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William Zinsser and good writing as art

14 March 2013

From George Will at The Washington Post:

When asked to explain the brisk pace of his novels, Elmore Leonard said, “I leave out the parts that people skip.” You will not want to skip anything in William Zinsser’s short essays written for the American Scholar magazine’s Web site and now collected in “The Writer Who Stayed,” a book that begins with him wondering why “every year student writing is a little more disheveled.”

One answer is that too few have read Zinsser’s earlier book “On Writing Well.” His answer is: “People now get their information mainly from random images on a screen and from random messages in their ears, and it no longer occurs to them that writing is linear and sequential, sentence B must follow sentence A.”

. . . .

Style reflects sensibility, and Zinsser’s style of clarity and economy derives from a sensibility that recoils from blurry words that carry deplorable thinking the way mosquitoes carry malaria. When his broker tells him a new person will be the “assistant assigned to your relationship,” Zinsser wonders whether he has relationships with his barber and with Maria at the coffee shop. “Cole Porter,” he notes, “didn’t write, ‘let’s do it, let’s have a relationship.’ ” And nobody, nowadays, is too young to have issues:

“Toddlers have sandbox issues. Issues are what used to be called the routine hills and bumps of getting from morning to night. They have been around a long time; Job had issues. By calling them issues we wrap ourselves in the palliative language of therapy. We no longer phone or visit friends who are in trouble; we reach out to them. That way we can find closure.”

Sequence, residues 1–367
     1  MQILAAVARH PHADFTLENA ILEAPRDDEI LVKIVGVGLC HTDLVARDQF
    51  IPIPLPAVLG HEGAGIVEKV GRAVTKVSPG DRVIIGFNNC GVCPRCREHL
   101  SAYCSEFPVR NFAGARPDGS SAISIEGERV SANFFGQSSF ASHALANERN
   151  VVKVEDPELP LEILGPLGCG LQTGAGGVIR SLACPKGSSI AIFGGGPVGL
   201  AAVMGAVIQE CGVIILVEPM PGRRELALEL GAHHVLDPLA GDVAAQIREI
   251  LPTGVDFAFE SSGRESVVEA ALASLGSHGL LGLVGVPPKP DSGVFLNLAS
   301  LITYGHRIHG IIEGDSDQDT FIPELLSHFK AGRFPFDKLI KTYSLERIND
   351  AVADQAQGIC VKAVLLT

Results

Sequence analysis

Then there is sharing, “the word I most loathe in the feel-good lexicon.” Beginning in the 1970s, “share” crept on little lizard feet into conversations, a signal that the speaker is about to tell you some personal matter about which he should remain reticent. Now, Zinsser says, “share” is a synonym for “tell”: “ ‘Did Rick share with you that we’re coming for dinner tonight?’ He did. He told me.”

Link to the rest at The Washington Post

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5 Comments to “William Zinsser and good writing as art”

  1. “we wrap ourselves in the palliative language of therapy.”


    When it is as clear as a pikestaff that what most of you lot out there really want is a good thrashing.

    I refer the Hon Gentleman to E.L.James.

    The prosecution rests.


  2. For me, “opens up about” is as annoying as “sharing”. Example: (celebrity’s name goes here) “opens up about” (subject goes here).

  3. George Will likes to hear himself talk. He enjoys talking at length in order to show you just how learned he is.

    William Zinsser doesn’t, but Will used him as an excuse to talk some more so he can hear himself talk. Will needed an excuse — any excuse would do for him — to show you just how learned he is. And to squeeze in an irrelevant slam at modern society just because he doesn’t like modern society because it is full of people who don’t appreciate how learned he is.

    But those of us who could be considered learned know how little we do know, & we struggle to avoid the Dunning–Kruger effect. I expect George Will fails at that, but he annoys me too much to read him with enough care to prove my supposition.

  4. Some people like to hear their own words.
    Others prefer to read their own.
    Same thing.


  5. TL;DR: Get off my lawn.

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